It is a word I’ve been thinking a lot about, particularly as it relates to culture and faith. In the context of the church I currently attend, we are discussing the book Growing Healthy Asian-American Churches. One of the things we recently talked about was the role hierarchy places in Asian-American and especially Korean contexts. There was reference of course to the Confucian based values system that underlies much of Eastern philosophical and cultural practice and mention of how those realities continue to influence the way Asian-Americans “do” church.
For me the striking thing has been, again, the similarity between Black church and Korean church. Pastors within the Black church context, regardless of denomination, have extremely wide latitude in leading/running the church, especially compared to their White counterparts. I can hardly find words to describe the honor and indeed reverence in which many if not most Black pastors are held. Even when the person himself is not viewed favorably, the position of pastor is held in very high esteem and the pastor is generally thought of as someone to be obeyed within the context of the church, and indeed often outside of it. Their authority is very nearly unquestioned.
Not only that, but pastors are honored and served. It is not unusual for a church to have a “pastor’s anniversary” in which thousands of dollars are raised, extensive programming put together, and mounds of food prepared all in honor of the “shepherd of the house, the man of God.” Pastors are often treated like princes. (there is a significant downside to this which I may address in another post)
I do not mean to suggest that Black pastors are all dictators. To the contrary, most are not. And there are significant institutional and even cultural constraints on their influence. But in general they are quite powerful.
That such a level of authority and hierarchy is a reflection of culture, I was aware. The extent to which it is viewed as being negative (as it seemed to be in the book and as it most definitely was described as being in our class) is something different.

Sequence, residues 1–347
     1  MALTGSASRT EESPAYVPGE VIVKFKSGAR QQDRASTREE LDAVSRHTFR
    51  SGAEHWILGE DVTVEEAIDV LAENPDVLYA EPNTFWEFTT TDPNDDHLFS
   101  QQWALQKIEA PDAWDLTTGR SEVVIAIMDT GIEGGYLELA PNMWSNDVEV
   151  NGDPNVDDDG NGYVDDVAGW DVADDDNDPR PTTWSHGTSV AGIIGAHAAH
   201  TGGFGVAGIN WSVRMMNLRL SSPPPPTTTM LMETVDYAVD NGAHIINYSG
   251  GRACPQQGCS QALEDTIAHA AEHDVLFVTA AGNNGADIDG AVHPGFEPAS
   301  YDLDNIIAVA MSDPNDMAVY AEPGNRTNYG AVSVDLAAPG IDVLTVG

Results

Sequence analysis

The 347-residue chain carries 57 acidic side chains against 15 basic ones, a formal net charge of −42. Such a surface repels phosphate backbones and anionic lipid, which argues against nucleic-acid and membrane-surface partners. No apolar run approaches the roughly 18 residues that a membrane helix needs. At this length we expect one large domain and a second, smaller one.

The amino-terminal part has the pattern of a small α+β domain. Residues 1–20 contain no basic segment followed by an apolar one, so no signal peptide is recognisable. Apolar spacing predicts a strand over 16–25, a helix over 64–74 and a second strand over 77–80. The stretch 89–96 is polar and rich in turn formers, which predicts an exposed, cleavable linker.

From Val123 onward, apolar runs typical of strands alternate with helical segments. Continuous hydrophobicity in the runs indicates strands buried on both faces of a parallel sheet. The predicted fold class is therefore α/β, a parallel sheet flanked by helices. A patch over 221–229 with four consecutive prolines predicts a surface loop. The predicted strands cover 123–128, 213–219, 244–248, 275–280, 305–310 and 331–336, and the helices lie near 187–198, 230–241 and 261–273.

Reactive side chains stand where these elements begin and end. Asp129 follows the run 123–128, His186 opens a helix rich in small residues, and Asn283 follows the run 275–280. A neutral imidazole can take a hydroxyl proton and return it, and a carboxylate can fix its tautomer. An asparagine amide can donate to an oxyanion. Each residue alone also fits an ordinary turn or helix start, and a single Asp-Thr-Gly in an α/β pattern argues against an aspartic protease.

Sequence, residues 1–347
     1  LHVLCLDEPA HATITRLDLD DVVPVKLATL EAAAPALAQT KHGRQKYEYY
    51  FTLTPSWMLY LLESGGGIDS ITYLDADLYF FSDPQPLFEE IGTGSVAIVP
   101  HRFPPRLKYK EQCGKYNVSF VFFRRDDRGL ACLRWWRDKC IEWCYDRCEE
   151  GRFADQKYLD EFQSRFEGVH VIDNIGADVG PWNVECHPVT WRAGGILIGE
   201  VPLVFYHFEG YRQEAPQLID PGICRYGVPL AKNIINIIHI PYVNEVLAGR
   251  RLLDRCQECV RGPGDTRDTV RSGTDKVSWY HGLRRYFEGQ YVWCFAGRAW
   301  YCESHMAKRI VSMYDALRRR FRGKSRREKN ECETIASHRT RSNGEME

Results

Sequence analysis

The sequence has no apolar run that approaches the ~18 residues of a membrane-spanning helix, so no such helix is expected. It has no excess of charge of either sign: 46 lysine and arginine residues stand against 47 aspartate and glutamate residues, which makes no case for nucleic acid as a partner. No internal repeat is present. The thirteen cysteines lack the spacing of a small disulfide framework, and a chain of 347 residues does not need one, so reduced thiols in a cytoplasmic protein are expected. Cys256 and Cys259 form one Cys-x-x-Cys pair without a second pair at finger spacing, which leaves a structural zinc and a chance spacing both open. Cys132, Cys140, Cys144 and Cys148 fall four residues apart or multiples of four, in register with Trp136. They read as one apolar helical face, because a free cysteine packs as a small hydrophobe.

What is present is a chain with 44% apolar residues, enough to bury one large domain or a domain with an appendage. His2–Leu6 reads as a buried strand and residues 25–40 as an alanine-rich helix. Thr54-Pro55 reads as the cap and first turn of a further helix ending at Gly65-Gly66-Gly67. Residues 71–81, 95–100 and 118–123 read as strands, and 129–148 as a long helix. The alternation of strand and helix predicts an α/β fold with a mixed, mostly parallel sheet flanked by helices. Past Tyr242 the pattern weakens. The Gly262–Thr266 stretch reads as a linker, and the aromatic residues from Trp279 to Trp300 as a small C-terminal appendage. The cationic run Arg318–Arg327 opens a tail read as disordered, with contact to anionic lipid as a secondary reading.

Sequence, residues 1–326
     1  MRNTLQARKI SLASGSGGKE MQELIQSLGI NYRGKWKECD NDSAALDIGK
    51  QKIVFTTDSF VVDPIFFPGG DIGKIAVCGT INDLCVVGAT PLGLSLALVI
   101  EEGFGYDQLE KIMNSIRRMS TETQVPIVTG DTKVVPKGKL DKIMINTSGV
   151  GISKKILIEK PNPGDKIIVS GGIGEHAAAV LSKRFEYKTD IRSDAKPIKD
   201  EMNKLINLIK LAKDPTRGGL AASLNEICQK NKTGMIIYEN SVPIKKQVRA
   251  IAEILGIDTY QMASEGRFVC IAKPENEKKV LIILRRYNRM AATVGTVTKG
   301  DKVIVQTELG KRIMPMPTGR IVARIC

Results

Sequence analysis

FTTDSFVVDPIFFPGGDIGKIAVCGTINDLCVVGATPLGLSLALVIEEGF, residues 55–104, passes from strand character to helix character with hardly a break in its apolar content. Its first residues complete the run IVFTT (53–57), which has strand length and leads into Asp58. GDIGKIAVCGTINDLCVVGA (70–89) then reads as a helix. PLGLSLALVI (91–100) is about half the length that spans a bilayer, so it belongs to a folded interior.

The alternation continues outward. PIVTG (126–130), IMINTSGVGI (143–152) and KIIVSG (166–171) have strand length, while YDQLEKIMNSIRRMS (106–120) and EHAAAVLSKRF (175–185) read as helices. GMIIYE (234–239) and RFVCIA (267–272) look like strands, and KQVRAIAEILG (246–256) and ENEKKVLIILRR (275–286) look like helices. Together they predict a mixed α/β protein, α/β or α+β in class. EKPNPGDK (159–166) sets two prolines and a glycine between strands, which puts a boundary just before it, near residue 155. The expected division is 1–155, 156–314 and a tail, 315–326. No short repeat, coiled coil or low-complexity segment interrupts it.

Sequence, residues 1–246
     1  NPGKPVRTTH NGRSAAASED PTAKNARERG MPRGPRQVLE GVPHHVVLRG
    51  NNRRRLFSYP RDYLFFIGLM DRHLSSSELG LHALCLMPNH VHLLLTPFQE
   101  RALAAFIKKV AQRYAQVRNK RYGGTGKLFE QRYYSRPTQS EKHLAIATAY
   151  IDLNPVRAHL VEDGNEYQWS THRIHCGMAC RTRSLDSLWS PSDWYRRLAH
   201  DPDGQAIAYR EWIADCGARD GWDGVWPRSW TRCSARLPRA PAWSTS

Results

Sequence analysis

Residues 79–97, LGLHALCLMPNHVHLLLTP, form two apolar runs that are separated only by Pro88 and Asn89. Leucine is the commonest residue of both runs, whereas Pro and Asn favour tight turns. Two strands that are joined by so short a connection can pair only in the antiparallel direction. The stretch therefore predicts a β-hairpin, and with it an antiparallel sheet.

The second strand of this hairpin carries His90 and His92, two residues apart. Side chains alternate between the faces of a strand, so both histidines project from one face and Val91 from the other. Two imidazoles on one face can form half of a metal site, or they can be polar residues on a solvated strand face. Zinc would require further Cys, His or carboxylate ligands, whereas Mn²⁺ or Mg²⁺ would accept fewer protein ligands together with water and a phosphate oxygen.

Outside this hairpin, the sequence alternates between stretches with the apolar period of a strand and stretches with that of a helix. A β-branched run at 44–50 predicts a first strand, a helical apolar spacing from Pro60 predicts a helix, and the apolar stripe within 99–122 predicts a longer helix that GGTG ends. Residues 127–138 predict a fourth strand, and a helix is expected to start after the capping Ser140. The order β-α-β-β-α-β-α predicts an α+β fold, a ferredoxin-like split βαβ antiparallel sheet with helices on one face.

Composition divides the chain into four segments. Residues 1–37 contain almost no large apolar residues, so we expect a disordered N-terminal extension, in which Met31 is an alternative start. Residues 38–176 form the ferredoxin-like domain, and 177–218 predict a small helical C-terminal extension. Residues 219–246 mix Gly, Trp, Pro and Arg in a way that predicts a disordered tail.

Having been raised in the Black church, I am all too aware of the abuse of power, but I never questioned the validity of the pastor holding such authority. In fact I have been at times an apologist for it, from a scriptural position. Indeed if I were ever a pastor I cannot imagine that I would operate much differently than that. Obviously I do not believe that pastors have or should exercise dictatorial control over their congregants’ lives.
That hierarchy would be so questioned raises some hackles for me. What is it about hierarchy that scares us so much? It is not as if there is much vote for democracy in church or in society that shows up in the Bible (if the Bible could be said to advocate for any particular formulation it would seem to be a type of Theocratic socialism). Perhaps it is simply that power has so often been abused that people flee from the very mention of it.
But, without the esteem, influence and authority which was held by Black pastors during the Jim Crow Era, it is doubtful that the Civil Rights movement would have gotten off the ground. It was the authority of the pastors that gave them the wherewithal to lead their parishioner’s places that many would not have gone on their own, and thereby led society into a radical transformation.
Could it be that some Asian-American pastors need to lean into rather than running away from the cultural preference for hierarchy and lead their congregations into radical directions for the sake of the gospel? Could the respect and honor given to these pastors be leveraged for the sake of challenging the principalities and powers that are arrayed against Asian Americans and others, thereby preventing them from achieving their God given potential? Perhaps there is a place for hierarchy and pastoral authority that does not dominate nor subjugate but genuinely leads courageously into places that many 1st and 2nd gens don’t really want to go.
I don’t know the answers to these questions; and the issue itself is complex, but I know that simply blaming “hierarchy” is not a solution.